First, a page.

During World War II approximately 130,000 people were evacuated away from Merseyside. These weren’t only school children, but also pregnant women, young mothers with babies and disabled adults. By 1st September 1939, war with Germany seemed inevitable. Although nothing was official, people feared they would be attacked as soon as war was declared, so evacuation began days before Prime Minister Chamberlain declared war over the wireless.
The Liverpool Corporation arranged for children to be moved to the quiet countryside of Cheshire and North Wales, where they would be much safer from bomb attacks. Many children were evacuated by ship from Liverpool to Canada, South Africa, New Zealand or Australia and many of these evacuees never returned home. However hard it might have been, for many parents this was one way to ensure their children would survive even if Britain was invaded.
Unexpectedly, after war had been declared, months passed by and the bombs didn’t arrive… this was known as “the Phoney War” and many children were brought back home to Liverpool. However, once France fell to the Nazis in May 1940, german planes moved much closer to the English Channel and soon after the Blitz on Britain began in earnest!
Like parents in all major industrial cities, those in Merseyside had to be persuaded to let their children go to strangers many miles away for an unknown length of time. Newsreel reports showing bombs and gas attacks in Spanish cities helped persuade many parents, as did information from schools, loud hailers, churches and newspapers. Understandably many parents did not want to let their children go, so they stayed in Liverpool.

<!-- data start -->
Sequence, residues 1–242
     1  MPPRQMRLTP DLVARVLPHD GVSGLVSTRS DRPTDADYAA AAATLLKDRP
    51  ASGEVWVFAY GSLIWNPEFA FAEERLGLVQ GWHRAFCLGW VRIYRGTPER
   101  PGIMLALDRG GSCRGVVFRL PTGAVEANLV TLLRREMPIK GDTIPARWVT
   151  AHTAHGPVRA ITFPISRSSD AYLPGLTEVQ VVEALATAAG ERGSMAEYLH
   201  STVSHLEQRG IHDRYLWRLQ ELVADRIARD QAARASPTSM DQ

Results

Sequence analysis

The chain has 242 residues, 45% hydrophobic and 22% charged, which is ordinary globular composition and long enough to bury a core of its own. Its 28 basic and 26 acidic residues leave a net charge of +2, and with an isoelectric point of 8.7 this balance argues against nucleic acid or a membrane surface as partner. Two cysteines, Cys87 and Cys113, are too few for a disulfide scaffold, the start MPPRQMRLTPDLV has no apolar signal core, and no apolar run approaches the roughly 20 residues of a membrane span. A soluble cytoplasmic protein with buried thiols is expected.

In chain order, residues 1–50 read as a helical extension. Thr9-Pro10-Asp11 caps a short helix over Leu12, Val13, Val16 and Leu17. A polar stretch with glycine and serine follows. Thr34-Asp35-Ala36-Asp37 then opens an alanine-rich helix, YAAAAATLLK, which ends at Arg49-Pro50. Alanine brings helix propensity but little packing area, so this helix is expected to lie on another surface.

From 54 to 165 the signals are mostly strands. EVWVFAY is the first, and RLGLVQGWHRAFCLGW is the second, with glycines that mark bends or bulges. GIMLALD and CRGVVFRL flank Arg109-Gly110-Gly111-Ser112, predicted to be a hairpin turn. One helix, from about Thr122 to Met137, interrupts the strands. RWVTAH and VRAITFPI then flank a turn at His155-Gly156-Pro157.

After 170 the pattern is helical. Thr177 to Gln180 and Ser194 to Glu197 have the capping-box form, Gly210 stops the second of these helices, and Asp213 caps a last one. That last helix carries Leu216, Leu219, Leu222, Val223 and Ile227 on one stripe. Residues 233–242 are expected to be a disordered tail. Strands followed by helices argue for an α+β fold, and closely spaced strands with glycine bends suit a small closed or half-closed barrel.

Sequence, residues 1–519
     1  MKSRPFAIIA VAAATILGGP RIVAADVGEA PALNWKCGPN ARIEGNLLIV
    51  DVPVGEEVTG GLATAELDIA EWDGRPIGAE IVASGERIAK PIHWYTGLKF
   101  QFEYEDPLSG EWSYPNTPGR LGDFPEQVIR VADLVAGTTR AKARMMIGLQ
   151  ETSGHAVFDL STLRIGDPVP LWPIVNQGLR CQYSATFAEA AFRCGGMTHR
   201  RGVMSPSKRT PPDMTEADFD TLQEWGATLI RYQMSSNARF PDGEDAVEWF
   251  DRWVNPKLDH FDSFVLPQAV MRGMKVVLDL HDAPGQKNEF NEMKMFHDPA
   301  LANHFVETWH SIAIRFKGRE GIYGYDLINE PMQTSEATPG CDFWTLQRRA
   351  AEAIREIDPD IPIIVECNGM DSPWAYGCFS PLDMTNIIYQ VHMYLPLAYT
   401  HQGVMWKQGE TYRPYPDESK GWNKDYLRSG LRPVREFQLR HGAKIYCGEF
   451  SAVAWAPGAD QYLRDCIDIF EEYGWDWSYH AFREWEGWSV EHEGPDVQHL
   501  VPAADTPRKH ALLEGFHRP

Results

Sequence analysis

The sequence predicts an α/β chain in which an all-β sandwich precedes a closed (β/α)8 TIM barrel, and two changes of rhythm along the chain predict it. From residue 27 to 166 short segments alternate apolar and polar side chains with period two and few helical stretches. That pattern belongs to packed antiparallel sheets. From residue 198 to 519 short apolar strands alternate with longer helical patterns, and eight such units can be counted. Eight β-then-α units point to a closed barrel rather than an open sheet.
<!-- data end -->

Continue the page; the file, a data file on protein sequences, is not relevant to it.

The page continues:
Inevitably, children reacted differently to this stressful upheaval… some were frightened, others saw it as a great adventure! Many had not been to the countryside before, nor seen fields or farm animals and were overwhelmed by their new surroundings.
Once children arrived at their destination with their gas masks across their shoulders, they were chosen by billeters who often made their choice based on how the child looked and how strong and healthy they seemed. Many were separated from their siblings, which was often very traumatic. Some children were not selected at all and were taken from home to home by the organisers who tried to find them places.
There were many reports of billeters being shocked by the condition of children from poorer inner-city areas; they were very often dirty and ill-dressed. Lice, malnutrition and diseases such as impetigo, scabies, and diptheria were common in densely populated urban areas, but were very rare in the countryside.
Experiences varied dramatically and inevitably a lot of it was down to pure luck. Many children had a wonderful time and some even refused to leave at the end of the war. Some even chose to be adopted by their billeted parents. Thousand of children lived away from Merseyside for several years. In that time they had grown a lot and become accustomed to being distanced from their parents; some reunited families were practically strangers. Many children returned to Merseyside able to speak Welsh fluently – some had forgotten almost all the English they knew.
The most unlucky children were placed where they were not wanted. Some had a miserable time; fed poor food, forced to live outside and work long hours. There were several cases of physical, mental and sexual abuse.
Mothers often suffered terribly. They missed their children and at the same time were struggling to cope with bomb raids, rationing and the absence or even death of their husbands. They were also asked to pay what they could towards their children’s upkeep. Parents could visit their children but were encouraged not to do so often as this could unsettle the children. Consequently, mothers usually knew little about the people who were raising their children.
For most children and parents, the return home meant a very emotional and happy reunion. There’s no doubt the evacuation of children from Britain’s cities during the Blitz did save lives.